After profitability for UK motor insurers was hard hit by the sudden drop in the Ogden discount rate for personal injury claims, the industry is expected to make a recovery with profits moving to break even before strengthening to a strong increase in 2018 following the Whiplash reforms, according to EY.
2017 profitability is likely to be close to breaking-even at 100.8% Net Combined Ratio (NCR), EY predicts, compared to the previous June forecast of 103.3%.
The NCR for 2018 is predicted to be back in the black at 98.5% – an improvement on previous predictions of a 100.2% NCR for the period, due to expected one-off releases following the revised Ogden rate.
Tony Sault, UK General Insurance Leader at EY, explained that; “while the changes announced earlier in the year meant the insurance industry was facing an additional cost of £3.5 billion, the revised proposals could see up to £2.5 billion shaved off this figure.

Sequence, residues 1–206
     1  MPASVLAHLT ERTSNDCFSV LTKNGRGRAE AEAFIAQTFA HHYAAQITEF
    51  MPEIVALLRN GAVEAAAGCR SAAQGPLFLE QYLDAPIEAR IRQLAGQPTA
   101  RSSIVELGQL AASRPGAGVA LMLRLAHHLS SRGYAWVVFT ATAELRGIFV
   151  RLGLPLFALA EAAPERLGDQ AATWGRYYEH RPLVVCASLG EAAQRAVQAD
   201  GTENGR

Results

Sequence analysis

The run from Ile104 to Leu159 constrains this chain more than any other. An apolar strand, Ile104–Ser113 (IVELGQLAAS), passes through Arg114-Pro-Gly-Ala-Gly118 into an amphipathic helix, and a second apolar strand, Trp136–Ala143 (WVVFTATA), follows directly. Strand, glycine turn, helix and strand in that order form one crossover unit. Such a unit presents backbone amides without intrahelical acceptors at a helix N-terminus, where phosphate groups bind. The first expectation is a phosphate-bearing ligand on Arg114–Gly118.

“The reversal is also expected to have a positive effect on premium rates for consumers and we would expect the premiums to start to fall next year in anticipation of the new legislation coming into force.
Although the proposed whiplash reforms are expected to benefit claims costs and premiums later next year, there’s a risk that all-consuming Brexit legislation won’t leave Parliament enough time to pass the promised Civil Liability Bill.
Despite this, Sault said; “the industry though, is certainly facing a much better end to the year than it had feared back in February and its prospects are looking a great deal brighter.”
The revised proposals for the Ogden discount rate for personal injury claims published in September are likely to result in a new rate set between 0% and 1% – reducing bodily injury costs significantly.
EY predicts that motor premium rates, which had risen by 10% over the last 12 months, will fall to between 2-4% on average premiums, saving up to £21 a year for the average motorist.
The whiplash reforms should provide further relief to motorists, with an additional 8-10% reduction in premiums starting later in 2018, totalling a £45 per year saving once the reforms are fully implemented.